MLB commissioner plans to meet with Indians owner to discuss Chi - Cleveland 19 News Cleveland, OH

MLB commissioner plans to meet with Indians owner to discuss Chief Wahoo logo

(Source: AP Images) (Source: AP Images)
DOWNTOWN CLEVELAND, OH (WOIO) -

Crowds outside Progressive Field gathered Wednesday night wearing Indians gear, including Chief Wahoo jackets, jerseys and hats, and a couple people were spotted wearing headdresses.

"We thought it was appropriate to wear to the World Series," said Indians fan Brandon Harris, who wore a headdress to Game 2. "Any other mascot I can't put on this war makeup and this headdress, so you might as well keep it, right?"

Some people may think so, but others disagree.

Outside the ballpark about a dozen protesters gathered holding signs. The demonstrators want the Indians to change the team name and get rid of Cleveland mascot Chief Wahoo.

"I can't bring myself to root for a team that degrades people and degrades human beings," said American Indian Movement of Ohio Executive Director Philip Yenyo.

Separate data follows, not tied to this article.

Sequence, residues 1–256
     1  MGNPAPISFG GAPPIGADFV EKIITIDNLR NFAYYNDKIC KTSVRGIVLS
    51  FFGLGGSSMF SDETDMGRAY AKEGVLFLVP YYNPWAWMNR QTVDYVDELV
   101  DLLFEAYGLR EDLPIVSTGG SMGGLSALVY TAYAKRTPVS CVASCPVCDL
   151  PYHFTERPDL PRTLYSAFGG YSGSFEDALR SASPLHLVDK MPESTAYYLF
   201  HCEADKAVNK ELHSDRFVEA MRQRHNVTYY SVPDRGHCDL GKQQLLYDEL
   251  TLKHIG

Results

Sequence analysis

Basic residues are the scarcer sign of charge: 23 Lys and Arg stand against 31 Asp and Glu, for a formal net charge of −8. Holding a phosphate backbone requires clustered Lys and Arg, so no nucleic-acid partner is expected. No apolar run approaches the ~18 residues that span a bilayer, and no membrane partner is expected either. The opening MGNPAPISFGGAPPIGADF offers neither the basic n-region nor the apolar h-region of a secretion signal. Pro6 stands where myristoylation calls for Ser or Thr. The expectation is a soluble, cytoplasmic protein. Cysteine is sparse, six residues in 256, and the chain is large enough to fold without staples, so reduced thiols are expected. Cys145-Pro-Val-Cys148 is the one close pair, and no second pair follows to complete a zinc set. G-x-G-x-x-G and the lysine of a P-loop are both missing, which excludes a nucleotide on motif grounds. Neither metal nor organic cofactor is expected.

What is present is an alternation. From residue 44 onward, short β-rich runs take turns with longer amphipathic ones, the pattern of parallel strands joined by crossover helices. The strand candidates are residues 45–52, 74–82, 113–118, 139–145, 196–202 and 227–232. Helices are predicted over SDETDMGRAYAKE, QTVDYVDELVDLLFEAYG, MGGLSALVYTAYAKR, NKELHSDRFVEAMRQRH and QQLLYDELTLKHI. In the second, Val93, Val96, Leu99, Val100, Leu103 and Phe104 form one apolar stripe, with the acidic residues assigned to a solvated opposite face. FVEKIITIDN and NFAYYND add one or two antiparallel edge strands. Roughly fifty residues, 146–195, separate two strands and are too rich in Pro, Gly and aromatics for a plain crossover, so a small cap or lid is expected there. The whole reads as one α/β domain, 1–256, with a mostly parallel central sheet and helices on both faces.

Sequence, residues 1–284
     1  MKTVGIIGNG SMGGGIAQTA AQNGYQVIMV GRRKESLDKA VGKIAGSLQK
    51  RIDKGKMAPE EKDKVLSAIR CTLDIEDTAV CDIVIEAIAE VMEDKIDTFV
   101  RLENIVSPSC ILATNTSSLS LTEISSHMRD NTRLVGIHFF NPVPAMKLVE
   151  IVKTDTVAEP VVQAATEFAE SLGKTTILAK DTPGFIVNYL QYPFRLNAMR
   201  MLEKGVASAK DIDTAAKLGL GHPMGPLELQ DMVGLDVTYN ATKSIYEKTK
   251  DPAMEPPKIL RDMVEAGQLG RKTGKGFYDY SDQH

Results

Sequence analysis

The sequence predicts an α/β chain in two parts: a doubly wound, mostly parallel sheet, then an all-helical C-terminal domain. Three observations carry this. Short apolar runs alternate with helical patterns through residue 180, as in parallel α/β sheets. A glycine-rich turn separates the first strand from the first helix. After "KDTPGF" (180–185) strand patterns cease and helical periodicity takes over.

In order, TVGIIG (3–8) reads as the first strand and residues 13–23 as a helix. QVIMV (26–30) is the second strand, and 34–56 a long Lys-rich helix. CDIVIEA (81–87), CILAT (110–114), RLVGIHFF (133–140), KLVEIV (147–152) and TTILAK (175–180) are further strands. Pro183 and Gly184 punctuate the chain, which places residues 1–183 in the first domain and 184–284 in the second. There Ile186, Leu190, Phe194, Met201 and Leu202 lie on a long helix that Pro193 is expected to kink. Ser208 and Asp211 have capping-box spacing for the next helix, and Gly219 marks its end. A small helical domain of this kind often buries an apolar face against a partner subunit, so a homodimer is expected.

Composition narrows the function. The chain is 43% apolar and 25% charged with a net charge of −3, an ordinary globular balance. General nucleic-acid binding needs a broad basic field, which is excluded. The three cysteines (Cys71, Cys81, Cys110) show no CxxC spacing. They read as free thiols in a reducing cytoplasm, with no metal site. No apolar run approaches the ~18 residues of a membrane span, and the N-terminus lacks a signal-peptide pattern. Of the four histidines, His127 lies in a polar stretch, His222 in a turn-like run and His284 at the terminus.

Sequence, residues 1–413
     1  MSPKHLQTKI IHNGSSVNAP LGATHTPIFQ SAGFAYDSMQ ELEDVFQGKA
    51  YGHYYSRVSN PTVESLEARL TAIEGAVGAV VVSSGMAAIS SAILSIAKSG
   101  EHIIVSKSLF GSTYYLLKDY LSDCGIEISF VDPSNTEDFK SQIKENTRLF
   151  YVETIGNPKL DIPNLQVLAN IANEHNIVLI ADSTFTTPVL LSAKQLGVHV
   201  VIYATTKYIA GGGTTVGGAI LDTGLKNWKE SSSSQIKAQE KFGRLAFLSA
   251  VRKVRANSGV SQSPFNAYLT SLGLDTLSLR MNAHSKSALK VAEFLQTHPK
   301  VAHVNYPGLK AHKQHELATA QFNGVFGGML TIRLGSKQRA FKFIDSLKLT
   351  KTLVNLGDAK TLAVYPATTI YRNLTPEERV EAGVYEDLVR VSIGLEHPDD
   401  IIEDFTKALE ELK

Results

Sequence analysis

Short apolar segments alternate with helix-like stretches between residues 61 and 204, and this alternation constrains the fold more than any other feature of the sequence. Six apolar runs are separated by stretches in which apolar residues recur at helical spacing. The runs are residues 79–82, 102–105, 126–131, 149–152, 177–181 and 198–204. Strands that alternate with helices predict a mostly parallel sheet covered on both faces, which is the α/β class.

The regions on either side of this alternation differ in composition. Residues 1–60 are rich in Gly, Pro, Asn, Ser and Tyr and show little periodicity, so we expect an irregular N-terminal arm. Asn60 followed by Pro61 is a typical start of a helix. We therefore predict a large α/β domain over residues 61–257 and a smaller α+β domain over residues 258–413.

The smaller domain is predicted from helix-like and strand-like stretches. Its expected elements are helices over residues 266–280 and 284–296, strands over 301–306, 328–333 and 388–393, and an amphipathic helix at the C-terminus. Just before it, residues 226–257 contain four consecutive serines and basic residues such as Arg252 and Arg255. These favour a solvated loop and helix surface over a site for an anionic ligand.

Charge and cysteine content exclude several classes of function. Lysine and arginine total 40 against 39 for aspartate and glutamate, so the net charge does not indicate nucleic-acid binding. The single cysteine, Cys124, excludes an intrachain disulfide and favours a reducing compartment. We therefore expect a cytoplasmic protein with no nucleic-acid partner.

The controversy isn't new, but it recently got attention from MLB Commissioner Rob Manfred. Manfred said he sees both sides of the issue. He recently told ESPN he'd agreed to have a conversation with Larry Dolan about what should happen with the logo moving forward.

Dolan is the principal owner of the Indians.

"I'm really happy to see they are going to sit down and discuss this," said Yenyo. "I intend to send the commissioner a letter requesting we be sitting at that table also."

A few fans said they're open to change.

"I've been a lifelong Indians fan, but I do see, it is a little bit derogatory," said Cleveland fan Joe Rodocker. "If this offends anyone, I would rather the team steer a different way."

However, other people said the Indians and Chief Wahoo should stay exactly the same.

"No, don't change it. (Chief Wahoo) is Cleveland," said Indians fan Linda Marr.

This isn't the first time the issue has made headlines during the post season. Recently, a Canadian activist tried to get the Chief Wahoo logo banned during the ALCS in Toronto. A judge dismissed the lawsuit.

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